Advances In Archival Optical Disc Storage
U.S. researchers from Case Western University in Cleveland reported that they are developing new technology that will improve upon the current optical disc. The improved disc would allegedly be so storage dense that only five to ten of the discs would be needed to hold the whole print collection stored in the Library of Congress.
As part of an initiative to make sure that the technology will make it into the hands of consumers once it has been developed, the researchers from Case Western University in Cleveland created a company called Folio Photonics. The company’s goal is to ensure that the archival discs technology continues to develop and that distribution to small and medium businesses will start as soon as the technology is available.
Each disc developed using the new optical media technology can purportedly hold one to two terabytes worth of data inside. The idea in itself is astounding; imagine having an external hard drive that’s as thin and portable as a DVD. That kind of storage is something worth developing.
According to the researchers in Cleveland, the new optical discs would be an ideal storage alternative for small and medium-sized businesses, replacing the cumbersome and outdated magnetic discs and tapes popular in archival storage. The discs are designed to have data written in the dozens of layers within, a figure Blu-ray discs pale in comparison to with their maximum number of just four data layers. Success for the researchers would mean the creation of a disc that would have the capacity of magnetic tapes but boosted with 21st century technology. That means exceedingly quick data access and cheaper maintenance.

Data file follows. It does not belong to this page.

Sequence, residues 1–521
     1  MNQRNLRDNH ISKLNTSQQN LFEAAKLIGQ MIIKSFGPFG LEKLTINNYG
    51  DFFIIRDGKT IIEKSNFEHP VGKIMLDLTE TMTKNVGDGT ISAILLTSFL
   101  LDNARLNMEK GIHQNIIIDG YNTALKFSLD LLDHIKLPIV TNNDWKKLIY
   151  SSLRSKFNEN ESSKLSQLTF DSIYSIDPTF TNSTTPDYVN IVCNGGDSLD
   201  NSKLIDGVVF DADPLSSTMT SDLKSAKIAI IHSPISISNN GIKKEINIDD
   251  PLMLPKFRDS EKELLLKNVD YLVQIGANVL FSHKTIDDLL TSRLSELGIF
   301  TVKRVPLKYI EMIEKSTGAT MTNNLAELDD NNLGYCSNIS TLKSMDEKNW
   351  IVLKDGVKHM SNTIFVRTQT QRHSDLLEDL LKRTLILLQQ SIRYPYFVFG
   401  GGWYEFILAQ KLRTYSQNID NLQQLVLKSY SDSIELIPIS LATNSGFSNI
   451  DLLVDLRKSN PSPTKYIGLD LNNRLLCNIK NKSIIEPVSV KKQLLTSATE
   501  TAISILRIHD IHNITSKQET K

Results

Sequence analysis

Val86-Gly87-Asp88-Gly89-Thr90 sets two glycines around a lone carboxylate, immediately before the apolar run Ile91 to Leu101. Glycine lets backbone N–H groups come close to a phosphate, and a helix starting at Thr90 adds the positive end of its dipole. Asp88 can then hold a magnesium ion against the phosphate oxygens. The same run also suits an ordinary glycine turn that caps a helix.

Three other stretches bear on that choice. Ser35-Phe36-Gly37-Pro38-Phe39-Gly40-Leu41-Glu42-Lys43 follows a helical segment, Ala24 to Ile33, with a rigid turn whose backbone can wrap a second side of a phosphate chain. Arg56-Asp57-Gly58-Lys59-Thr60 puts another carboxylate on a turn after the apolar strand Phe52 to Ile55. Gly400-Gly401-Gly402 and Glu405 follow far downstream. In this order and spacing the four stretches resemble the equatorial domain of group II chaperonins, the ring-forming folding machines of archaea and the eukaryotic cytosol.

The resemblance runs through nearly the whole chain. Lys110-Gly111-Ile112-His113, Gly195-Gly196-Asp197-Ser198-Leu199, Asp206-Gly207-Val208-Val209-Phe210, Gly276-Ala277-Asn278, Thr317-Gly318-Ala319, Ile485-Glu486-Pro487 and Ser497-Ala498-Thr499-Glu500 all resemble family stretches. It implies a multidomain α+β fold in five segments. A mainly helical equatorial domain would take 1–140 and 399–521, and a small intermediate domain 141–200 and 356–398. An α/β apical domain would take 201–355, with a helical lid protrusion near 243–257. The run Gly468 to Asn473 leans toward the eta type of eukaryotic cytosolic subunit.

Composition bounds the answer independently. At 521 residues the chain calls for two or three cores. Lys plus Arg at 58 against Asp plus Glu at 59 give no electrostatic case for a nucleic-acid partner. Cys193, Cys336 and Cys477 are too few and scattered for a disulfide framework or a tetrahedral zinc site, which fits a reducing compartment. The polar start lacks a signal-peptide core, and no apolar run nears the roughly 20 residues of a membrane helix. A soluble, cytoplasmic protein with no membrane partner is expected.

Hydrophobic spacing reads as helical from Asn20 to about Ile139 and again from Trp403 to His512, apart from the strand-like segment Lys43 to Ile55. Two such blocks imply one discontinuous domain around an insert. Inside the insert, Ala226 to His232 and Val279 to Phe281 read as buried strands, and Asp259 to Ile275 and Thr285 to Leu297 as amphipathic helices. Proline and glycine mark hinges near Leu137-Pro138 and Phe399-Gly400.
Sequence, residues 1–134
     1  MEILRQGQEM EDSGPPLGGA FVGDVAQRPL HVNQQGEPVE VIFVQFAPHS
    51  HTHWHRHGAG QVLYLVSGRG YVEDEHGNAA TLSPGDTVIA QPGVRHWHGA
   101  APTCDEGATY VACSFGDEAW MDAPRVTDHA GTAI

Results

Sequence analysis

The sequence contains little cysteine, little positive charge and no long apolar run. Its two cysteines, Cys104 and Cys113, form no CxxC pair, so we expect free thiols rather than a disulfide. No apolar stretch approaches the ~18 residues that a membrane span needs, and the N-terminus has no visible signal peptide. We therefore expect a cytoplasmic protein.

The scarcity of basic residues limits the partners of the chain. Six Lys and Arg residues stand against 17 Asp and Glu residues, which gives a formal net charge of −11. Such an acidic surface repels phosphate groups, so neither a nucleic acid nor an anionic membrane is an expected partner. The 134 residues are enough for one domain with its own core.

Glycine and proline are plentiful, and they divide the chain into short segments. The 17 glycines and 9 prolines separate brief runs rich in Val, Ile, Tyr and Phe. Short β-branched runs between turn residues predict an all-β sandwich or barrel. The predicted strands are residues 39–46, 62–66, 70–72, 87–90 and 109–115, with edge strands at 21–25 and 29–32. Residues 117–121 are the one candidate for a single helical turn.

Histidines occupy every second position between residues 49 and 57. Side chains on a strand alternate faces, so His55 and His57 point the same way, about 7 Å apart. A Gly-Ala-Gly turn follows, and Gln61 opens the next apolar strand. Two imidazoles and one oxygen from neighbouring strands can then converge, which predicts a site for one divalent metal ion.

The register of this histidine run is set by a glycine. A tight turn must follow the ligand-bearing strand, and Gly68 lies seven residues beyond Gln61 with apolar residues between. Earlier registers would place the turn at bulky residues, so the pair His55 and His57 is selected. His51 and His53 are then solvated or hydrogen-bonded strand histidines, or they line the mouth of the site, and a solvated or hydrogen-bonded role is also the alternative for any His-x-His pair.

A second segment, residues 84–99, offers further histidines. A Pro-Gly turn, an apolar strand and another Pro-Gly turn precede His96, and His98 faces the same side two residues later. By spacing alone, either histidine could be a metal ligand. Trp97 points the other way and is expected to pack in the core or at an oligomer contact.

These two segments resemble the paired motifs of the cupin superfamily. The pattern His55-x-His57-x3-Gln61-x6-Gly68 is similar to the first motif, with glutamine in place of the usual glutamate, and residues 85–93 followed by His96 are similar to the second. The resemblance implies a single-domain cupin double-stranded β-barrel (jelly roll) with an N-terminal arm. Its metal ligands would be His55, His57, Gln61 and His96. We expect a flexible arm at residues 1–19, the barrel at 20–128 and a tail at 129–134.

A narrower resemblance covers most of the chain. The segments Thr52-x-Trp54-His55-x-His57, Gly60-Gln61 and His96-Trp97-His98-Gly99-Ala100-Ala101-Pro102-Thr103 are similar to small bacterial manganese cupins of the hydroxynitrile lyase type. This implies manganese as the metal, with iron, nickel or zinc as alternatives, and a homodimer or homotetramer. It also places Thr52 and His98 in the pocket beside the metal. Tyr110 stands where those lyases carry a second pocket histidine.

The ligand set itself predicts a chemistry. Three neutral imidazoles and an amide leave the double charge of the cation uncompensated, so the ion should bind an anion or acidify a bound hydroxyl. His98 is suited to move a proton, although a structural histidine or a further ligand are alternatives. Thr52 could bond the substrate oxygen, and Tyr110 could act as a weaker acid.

On the disc reader end of things, a run-of-the-mill model would only need to be tweaked a bit to be able to read the multiple layers of the new optical disc. That would mean that upgrading current disc readers to be compatible with the new optical discs would not involve much in terms of production cost. Researchers in Case Western University hope to see the market release of the new optical disc within a few years. In the meantime, keeping data on archival discs like the MAM-A DVD-R should help keep the data until this new system goes to market.
The main pitch for development of the discs, which also details its intended use, is for storage of data that, though not in frequent use, is still valuable enough to the business or institution to be worth keeping.